Nate Gyotoku Reflects on Inaugural Kibou for Maui Experience

USJC Associate Nate Gyotoku (Japanese Cultural Center of Hawaii, ELP ‘13) recently led the inaugural TOMODACHI Kibou for Maui cohort to Japan. The TOMODACHI Kibou for Maui is a new program in partnership with Odyssey Nature Japan and is open to high school juniors and seniors directly impacted by the Maui wildfires. 

These students participate in a knowledge exchange with people in the Tohoku region of Japan, themselves survivors of the Great East Japan Earthquake and tsunami of 2011. The program is the brainchild of USJC Board Member Yoh Kawanami (Hawaiian Electric) and Miku Narisawa, co-founder of Odyssey Nature Japan. Ms. Narisawa is a survivor of the Great East Japan Earthquake, tsunami and nuclear crisis and was a participant in the TOMODACHI Rainbow for Japan Kids program that brought young survivors from the Tohoku disaster to Hawaii to find hope and rejuvenation. Mr. Kawanami contacted Mr. Gyotoku and the JCCH to recruit, train and provide student support for the trip and beyond. Here, Mr. Gyotoku reflects on the trip and his hopes for the students.

Mr. Gyotoku (first row, left), Mr. Kawanami (first row, center) and Ms. Narisawa (first row, second from right) with the students in Japan.

When we evaluated candidates for the program, we wanted to hear about their community service and their extra-curricular activities. We were less focused on academics, frankly, and more interested in the type of person they are overall. We asked ourselves: Will they want to give back to the community after the trip?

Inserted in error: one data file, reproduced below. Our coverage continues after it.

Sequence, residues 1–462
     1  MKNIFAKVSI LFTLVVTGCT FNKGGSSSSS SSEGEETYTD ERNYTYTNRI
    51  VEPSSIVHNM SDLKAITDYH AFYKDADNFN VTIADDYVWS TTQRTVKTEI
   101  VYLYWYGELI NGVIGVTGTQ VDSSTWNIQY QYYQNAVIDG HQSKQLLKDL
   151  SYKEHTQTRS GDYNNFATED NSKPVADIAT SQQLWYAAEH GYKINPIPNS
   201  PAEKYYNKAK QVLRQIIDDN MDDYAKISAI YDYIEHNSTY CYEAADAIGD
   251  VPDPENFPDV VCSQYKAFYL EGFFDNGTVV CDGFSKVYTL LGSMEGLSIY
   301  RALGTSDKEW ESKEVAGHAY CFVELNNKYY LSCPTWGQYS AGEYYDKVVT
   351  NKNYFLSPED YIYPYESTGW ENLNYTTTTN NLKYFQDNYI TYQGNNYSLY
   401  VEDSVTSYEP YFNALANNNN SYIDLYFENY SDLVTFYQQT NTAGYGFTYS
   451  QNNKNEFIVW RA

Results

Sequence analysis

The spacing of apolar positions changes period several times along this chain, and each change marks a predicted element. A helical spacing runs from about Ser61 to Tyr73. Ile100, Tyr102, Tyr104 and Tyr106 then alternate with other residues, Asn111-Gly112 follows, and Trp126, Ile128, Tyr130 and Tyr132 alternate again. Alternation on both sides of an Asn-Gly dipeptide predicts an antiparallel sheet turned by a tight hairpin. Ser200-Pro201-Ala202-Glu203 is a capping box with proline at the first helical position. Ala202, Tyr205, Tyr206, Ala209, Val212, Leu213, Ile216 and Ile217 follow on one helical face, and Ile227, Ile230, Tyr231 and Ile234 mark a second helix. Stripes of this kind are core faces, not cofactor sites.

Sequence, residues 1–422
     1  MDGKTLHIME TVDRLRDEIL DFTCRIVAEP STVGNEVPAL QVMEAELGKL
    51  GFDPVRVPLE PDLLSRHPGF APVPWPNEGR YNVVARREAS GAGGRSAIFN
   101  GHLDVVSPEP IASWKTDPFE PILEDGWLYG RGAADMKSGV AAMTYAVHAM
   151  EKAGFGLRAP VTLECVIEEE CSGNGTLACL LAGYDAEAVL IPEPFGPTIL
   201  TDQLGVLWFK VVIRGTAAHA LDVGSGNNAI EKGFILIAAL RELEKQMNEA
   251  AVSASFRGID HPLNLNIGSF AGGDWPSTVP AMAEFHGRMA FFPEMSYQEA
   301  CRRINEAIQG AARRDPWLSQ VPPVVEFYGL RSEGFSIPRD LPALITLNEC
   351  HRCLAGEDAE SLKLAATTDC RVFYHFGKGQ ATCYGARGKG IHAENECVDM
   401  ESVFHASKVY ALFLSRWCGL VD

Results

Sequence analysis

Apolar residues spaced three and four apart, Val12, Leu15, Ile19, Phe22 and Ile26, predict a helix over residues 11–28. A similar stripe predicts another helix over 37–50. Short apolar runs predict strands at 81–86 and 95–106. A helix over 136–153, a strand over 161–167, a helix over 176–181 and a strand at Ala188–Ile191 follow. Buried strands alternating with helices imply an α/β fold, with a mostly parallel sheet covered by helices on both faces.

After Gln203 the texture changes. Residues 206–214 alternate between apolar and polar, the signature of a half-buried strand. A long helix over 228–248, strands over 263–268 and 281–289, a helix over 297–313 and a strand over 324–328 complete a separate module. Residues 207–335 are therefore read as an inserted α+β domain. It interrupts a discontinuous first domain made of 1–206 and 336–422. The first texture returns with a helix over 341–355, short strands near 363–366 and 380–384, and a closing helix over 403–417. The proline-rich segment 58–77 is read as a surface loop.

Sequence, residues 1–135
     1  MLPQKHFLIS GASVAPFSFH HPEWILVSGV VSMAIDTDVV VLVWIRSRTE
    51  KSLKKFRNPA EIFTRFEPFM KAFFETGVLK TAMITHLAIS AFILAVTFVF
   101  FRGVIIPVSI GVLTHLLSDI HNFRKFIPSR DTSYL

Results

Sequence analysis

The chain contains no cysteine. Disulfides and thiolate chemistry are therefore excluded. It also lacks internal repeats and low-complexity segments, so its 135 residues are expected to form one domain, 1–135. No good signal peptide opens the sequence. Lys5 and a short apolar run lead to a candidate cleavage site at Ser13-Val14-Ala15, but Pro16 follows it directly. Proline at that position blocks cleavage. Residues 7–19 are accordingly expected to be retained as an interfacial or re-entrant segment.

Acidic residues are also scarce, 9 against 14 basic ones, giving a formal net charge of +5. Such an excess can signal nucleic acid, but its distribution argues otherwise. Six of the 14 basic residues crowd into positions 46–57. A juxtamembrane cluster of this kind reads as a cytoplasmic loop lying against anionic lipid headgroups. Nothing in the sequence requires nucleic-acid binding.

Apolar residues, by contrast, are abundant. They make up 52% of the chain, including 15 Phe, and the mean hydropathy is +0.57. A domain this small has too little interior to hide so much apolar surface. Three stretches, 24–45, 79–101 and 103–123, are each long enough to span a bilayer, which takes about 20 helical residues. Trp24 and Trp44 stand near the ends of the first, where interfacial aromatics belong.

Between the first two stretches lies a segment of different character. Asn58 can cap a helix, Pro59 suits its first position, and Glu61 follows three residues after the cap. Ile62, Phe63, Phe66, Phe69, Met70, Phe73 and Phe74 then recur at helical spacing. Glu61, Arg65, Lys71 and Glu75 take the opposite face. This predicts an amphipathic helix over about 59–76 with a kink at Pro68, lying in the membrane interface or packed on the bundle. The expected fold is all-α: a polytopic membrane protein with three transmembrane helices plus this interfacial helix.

The trip itself is brief, but it shapes their way of thinking for a lifetime. Long term, our hope is that these kids want to stay on Maui to give back to their communities. Interacting with the Japanese survivors helps them see a future for themselves despite the devastation. These kids witness resilience firsthand; they see how communities are rebuilt and people thrive. They returned to Maui with renewed hope and drive to do something for their hometown.

We tell the kids that our door is always open; this is just the beginning. We offer mentoring, support and encouragement as they contemplate their futures and the opportunity they have to contribute and lead. These high school kids are at a crucial time in their development, and they need adults in their life to show them what is possible and to believe in them.

Some people have already left Maui for the continent because they are not hopeful about their future there. We are helping to shift that mindset, one student at a time, one ‘ohana at a time. We’ll be recruiting for the next cohort of students very soon, and more information can be found here.

The TOMODACHI Kibou for Maui Program is in partnership with the Japanese Cultural Center of Hawai’i and Odyssey Nature Japan, and is part of the USJC Kibou for Maui Project, which is funded by Japan’s Ministry of Foreign Affairs and administered by the U.S.-Japan Council.